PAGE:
I shot a quick documentary from my cellphone on the night of December the 8th. It’s about 8 minutes long, and genius that I am, I had my phone oriented incorrectly so I had to rotate the footage, resulting in a restricted viewing window. Limitations aside, it came out alright. It was really a fun night, a win against a likely negative portrayal of OWS. I’ll do a roundup of footage and press, for now, here’s the nyt on the event.



Proposition: WeAreThe152



We Are the 152: A Proposition for Occupy Wall Street [1] 


[revised v2 text here, v1 version located at link below]





















[1] (Version 1 – incomplete, cringe-inducingly scattered, but posted nonetheless – of this essay can still be seen at:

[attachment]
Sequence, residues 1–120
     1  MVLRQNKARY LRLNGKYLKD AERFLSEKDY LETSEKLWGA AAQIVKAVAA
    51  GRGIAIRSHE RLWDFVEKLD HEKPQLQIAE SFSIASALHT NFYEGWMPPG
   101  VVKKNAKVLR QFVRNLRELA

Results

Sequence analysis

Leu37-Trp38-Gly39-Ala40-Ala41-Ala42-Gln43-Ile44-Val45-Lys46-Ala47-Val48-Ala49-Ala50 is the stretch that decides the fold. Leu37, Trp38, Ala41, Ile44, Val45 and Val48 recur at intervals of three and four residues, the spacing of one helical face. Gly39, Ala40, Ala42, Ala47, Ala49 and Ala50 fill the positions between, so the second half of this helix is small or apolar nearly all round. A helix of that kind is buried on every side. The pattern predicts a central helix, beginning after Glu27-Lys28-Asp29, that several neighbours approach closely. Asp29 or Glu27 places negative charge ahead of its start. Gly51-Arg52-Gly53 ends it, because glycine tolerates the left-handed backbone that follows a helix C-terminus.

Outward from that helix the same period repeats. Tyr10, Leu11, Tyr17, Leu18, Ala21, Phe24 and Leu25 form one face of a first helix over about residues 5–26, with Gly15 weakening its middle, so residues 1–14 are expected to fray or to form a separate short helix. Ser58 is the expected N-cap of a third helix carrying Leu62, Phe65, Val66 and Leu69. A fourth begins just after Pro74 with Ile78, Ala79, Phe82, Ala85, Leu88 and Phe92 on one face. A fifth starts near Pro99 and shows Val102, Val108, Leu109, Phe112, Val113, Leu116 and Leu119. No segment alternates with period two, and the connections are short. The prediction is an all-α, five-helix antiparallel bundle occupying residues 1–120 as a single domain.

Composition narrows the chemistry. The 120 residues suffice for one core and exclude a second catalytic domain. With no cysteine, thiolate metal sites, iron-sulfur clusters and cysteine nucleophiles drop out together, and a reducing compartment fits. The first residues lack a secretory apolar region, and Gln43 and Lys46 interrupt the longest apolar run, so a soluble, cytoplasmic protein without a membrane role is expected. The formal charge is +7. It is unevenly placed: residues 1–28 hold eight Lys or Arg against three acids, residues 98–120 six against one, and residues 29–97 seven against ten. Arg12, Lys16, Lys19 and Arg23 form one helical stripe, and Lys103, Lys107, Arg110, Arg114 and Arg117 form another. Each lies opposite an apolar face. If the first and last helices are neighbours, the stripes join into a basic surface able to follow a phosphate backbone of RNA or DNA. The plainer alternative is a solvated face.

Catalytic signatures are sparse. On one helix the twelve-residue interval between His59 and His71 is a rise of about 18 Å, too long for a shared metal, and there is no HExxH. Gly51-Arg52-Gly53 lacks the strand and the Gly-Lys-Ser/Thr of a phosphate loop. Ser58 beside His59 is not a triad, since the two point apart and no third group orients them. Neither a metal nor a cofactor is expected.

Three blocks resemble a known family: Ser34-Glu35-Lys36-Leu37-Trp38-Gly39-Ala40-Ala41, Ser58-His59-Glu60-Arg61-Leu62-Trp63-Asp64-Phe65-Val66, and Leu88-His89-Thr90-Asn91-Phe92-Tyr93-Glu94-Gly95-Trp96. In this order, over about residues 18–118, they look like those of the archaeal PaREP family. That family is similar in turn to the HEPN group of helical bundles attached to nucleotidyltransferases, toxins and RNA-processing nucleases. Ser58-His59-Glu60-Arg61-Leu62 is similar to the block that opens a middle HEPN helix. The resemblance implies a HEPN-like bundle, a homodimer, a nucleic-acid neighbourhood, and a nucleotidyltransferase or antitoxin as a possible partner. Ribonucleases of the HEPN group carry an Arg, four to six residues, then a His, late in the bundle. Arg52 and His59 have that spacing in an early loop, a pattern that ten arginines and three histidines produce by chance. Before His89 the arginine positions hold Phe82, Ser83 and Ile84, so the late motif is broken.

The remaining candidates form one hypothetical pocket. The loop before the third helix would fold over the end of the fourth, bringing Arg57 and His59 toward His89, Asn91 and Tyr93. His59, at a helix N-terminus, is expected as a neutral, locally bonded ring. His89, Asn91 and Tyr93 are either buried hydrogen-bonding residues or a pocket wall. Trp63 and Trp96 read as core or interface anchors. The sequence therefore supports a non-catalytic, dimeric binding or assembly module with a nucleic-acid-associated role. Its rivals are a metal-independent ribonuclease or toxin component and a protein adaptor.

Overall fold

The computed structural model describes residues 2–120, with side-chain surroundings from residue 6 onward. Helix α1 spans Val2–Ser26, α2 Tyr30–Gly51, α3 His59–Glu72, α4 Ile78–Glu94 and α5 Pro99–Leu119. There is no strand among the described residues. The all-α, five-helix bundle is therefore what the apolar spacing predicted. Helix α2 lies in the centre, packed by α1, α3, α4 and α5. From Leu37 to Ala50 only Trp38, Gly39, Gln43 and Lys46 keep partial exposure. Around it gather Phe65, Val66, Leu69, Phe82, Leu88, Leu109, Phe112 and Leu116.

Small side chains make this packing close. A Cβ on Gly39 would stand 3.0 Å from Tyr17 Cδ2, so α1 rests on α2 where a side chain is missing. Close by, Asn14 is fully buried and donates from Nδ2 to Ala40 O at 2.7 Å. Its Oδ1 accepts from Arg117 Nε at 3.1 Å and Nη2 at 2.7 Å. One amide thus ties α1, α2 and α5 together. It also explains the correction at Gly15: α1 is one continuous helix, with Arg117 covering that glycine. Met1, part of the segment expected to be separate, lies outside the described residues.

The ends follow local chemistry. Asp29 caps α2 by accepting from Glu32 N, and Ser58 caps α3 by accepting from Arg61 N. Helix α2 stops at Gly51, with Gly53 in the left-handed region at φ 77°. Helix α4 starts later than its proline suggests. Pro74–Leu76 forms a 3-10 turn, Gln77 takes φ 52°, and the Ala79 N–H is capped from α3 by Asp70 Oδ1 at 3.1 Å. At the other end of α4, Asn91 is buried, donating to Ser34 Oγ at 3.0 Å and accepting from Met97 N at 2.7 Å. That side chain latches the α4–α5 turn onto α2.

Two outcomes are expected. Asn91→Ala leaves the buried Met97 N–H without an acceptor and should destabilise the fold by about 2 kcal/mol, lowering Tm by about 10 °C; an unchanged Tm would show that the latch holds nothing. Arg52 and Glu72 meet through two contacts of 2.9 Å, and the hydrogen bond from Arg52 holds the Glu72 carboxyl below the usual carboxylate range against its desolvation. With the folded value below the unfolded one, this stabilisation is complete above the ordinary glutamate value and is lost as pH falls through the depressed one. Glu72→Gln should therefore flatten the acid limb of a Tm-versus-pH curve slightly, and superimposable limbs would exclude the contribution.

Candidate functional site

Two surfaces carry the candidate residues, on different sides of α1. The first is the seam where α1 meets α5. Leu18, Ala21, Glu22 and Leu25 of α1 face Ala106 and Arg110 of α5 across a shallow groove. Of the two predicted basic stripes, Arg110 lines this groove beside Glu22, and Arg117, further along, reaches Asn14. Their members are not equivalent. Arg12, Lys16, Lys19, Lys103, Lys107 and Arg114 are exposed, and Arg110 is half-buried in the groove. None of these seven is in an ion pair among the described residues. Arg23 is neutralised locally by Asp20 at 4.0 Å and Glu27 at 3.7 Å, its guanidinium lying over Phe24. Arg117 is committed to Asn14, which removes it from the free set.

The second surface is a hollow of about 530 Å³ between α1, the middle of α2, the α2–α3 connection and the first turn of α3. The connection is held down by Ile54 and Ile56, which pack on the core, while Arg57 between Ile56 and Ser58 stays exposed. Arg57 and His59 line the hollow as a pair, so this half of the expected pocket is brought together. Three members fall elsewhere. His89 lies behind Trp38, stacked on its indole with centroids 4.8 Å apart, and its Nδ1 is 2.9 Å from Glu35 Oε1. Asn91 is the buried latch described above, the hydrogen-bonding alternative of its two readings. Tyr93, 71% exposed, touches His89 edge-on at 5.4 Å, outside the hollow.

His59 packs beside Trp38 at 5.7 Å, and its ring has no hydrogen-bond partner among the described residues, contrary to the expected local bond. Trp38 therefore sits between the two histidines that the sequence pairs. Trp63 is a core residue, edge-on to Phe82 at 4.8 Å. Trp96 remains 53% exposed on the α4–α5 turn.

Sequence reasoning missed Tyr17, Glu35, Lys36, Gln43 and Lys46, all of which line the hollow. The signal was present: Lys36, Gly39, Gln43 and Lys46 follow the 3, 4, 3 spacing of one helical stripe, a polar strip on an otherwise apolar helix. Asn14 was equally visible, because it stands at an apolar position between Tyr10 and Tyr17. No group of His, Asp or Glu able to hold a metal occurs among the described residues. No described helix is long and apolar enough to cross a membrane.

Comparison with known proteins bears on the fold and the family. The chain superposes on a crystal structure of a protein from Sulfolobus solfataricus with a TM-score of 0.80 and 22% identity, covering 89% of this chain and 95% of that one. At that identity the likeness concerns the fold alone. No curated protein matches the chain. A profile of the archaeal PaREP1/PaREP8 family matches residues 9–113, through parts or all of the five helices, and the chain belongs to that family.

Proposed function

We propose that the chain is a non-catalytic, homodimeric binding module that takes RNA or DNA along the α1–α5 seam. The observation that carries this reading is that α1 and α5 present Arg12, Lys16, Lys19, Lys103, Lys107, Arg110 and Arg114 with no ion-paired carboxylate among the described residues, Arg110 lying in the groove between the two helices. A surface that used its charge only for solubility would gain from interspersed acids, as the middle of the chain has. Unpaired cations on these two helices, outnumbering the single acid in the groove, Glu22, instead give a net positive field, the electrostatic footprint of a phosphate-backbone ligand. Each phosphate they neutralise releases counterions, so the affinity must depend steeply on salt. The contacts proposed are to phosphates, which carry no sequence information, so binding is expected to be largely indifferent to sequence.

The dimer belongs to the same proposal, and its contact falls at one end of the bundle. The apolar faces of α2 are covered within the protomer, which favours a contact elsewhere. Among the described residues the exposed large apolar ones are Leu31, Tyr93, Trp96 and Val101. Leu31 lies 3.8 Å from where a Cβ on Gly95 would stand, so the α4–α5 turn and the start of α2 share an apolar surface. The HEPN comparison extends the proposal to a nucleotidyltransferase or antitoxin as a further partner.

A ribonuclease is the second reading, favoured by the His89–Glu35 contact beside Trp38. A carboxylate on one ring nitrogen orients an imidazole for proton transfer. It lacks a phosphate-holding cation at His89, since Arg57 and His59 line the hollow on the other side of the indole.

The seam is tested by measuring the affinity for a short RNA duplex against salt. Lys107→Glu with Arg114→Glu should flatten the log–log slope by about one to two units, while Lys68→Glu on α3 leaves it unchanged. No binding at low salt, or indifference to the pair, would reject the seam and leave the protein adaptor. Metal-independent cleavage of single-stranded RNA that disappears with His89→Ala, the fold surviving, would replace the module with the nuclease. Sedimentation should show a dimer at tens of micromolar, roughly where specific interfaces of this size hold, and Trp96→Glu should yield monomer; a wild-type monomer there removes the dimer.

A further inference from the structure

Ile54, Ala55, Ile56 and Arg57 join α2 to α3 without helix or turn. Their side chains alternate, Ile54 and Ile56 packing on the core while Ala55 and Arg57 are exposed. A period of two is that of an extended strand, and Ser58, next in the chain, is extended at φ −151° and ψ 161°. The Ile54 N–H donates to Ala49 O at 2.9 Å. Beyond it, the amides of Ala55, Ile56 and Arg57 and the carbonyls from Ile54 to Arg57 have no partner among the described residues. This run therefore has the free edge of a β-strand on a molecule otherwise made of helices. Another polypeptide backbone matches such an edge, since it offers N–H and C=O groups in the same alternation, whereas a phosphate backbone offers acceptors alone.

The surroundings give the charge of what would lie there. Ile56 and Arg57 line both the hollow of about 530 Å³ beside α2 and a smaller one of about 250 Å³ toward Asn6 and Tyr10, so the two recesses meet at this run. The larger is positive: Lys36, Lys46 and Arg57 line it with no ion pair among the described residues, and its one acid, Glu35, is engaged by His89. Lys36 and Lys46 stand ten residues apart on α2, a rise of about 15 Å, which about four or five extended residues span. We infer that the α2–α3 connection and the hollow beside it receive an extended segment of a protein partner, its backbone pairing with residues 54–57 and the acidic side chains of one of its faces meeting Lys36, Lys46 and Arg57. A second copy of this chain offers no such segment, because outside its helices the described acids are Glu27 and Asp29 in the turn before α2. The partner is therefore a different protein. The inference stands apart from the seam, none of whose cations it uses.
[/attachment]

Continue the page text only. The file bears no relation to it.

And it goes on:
Proposition: Trust is Sovereignty

A Discussion on How Trust is the First Public Good, Upon Which All Others Depend.

Proposition: Occupy 11/11/11


Discussion of the admittedly far-fetched idea of pushing for a huge global day of action on less than two weeks notice. Only worth considering for the use of synchronicity, universal symbology, and a common demand (overlapping here with WeArethe152). Makes no sense, right? Sorry, I’ll elaborate soon…

Media Wiki, Part 1


As part of my desire to do something useful for OWS, I’m looking to learn a bit about Media Wiki, in particular the semantic data side of the wiki. For those who aren’t nerds, the term “semantic data” is a layer of data that is separate from the content or the visual styling of this data. It’s data that describes the type of content that is displayed. In a rudimentary form, I guess you could say what we know of as “tags” (i.e. like in, tag clouds, etc) could constitute a type of semantic data, but hardcore data people would probably shoot me down on this point.